Concussions have been a major topic in the sports world in recent years, especially in the NFL. Because of the long-term damage concussions can do to a person’s brain, sports leagues have been altering equipment and rules to try to limit the chance of players suffering trauma to their brains.
In the NFL in particular, the onset of CTE in retired players is a rather concerning development. There are people and organizations working to try to find a cure for the disease, which can only be accurately diagnosed after death. One such company got a boost recently when Hall of Fame quarterback Brett Favre invested in it.
Brett Favre’s Hall of Fame career
The Falcons drafted Favre with the 33rd pick in the 1991 NFL draft, and after making a couple of starts with them that season, they traded him to the Packers — with whom he spent the next 16 seasons of his 20-year career before going to the Jets and Vikings.
He completed 6,300 passes in his career, 62% of his attempts, for nearly 72,000 yards and 508 touchdowns. He had a reputation as a gunslinger, which was supported by his 336th interceptions, which is the most in NFL history.
Favre led the Packers to victory in Super Bowl XXXI, and was a three-time league MVP. Favre was inducted into the Pro Football Hall of Fame in 2016.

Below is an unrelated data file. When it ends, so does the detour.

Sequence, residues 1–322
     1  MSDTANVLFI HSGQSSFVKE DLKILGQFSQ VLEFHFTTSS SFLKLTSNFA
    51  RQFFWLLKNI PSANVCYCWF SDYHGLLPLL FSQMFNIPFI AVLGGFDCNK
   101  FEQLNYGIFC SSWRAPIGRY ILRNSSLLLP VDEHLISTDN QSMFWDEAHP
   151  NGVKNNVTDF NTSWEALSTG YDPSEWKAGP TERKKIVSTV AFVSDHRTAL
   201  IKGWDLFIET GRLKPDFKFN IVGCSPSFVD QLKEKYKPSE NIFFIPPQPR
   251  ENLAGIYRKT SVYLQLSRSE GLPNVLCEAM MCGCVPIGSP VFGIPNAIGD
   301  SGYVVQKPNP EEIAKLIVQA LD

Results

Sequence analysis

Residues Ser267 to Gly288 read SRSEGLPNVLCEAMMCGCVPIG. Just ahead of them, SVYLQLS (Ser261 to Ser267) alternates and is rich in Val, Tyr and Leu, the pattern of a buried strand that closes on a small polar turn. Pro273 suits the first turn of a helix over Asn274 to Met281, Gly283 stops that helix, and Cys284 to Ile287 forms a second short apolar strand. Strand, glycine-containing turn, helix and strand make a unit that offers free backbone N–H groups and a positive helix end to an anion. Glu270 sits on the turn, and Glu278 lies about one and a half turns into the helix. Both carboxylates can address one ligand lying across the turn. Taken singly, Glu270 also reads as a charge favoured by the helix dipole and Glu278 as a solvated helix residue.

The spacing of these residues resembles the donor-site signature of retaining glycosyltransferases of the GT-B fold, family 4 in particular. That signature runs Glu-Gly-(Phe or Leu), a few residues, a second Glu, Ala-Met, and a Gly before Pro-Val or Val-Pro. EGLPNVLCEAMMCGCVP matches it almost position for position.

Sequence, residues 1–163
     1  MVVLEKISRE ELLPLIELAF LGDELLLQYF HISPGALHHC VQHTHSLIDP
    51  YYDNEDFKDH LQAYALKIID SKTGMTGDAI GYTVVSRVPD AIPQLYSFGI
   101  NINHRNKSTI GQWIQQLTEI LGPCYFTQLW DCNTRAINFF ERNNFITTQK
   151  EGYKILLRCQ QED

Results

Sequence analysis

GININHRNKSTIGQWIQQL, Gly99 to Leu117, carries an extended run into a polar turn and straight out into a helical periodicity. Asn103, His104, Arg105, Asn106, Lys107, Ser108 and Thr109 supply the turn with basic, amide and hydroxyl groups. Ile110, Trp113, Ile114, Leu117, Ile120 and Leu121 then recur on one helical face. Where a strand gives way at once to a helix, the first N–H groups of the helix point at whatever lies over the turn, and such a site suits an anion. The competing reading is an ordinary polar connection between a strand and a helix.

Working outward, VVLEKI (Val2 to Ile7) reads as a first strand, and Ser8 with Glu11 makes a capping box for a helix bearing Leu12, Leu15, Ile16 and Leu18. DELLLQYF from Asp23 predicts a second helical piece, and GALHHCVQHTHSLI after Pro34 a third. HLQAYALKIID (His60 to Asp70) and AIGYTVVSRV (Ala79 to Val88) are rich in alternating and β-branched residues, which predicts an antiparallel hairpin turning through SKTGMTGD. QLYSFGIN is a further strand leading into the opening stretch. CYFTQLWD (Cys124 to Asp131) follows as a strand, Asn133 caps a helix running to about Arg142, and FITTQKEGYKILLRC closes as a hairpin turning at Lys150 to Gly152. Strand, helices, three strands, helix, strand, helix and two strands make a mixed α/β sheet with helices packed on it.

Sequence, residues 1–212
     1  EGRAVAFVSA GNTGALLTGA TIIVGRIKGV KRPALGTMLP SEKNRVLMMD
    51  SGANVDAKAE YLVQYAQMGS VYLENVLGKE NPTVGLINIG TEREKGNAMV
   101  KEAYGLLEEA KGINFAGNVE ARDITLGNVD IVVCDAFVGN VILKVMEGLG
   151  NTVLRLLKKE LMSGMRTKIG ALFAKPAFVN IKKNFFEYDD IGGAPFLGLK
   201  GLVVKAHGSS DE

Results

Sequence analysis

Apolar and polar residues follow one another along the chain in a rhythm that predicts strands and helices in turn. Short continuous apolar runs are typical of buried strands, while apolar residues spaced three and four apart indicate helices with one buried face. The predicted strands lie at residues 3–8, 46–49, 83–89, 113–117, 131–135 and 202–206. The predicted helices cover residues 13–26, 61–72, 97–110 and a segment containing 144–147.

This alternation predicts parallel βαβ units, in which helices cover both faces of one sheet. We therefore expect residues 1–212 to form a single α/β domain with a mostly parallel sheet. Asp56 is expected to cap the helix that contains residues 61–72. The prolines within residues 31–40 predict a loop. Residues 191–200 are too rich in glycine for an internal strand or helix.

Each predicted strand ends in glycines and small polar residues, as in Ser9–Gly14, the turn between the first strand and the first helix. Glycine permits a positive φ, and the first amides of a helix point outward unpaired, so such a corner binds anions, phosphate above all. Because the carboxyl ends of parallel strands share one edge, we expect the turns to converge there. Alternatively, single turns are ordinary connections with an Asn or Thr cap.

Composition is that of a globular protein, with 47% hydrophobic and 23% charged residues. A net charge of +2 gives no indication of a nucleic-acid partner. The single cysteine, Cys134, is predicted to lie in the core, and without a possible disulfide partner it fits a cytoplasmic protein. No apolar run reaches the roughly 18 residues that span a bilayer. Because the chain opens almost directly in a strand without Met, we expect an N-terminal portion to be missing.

Playing through concussions during his career
Favre suffered some big hits during his career and became known for playing through injuries — his 297 consecutive starts, which bumps up to 321 when you include the playoffs, remains the NFL record.
It wasn’t just the typical football injuries that Favre fought through. CBS Sports reports that in 2018 Favre said that he believes he suffered a concussion on “probably 90 percent” of the tackles he endured in the NFL.
Even more concerning, Favre says he is “absolutely 100 percent” concerned about his health and well-being in the future. Even though the league has tried to combat the issue of head injuries, Favre doesn’t feel like the NFL has gone far enough.
Brett Favre invests in a possible concussion treatment medication
Favre has expressed concern over the long-term effect of concussions and head injuries, and he’s using his own money to try to do something about it for football players and other athletes.
Fox Business tells us Favre is an investor in pharmaceutical company Prevacus, which is developing Prevasol, a concussion medication that the company hopes may be the first step in being able to prevent CTE.
Favre acknowledges that no matter how good helmet technology gets, concussions will always be a problem in football. “Spending more resources and time on prevention, rather than some type of treatment, is where [the NFL is] lacking.” And that is where Prevacus hopes it can come in to fill that void in preventing the onset of CTE.
A nasal spray, Prevasol works to repair nerve cells and promote cell growth. The drug has entered the first phase of human trials, and Prevacus founder Dr. Jacob Vanlandingham says that it is a “neuro-steroid” that penetrates the blood-brain barrier “relatively quickly.”
He explained that the drug can get to the brain in less than five minutes, and eventually the company hopes “when we get that diagnosis on the field of play, give the drug nasally, get it in the brain quickly.” Dr. Vanlandingham expects the phase one trials to finish this year.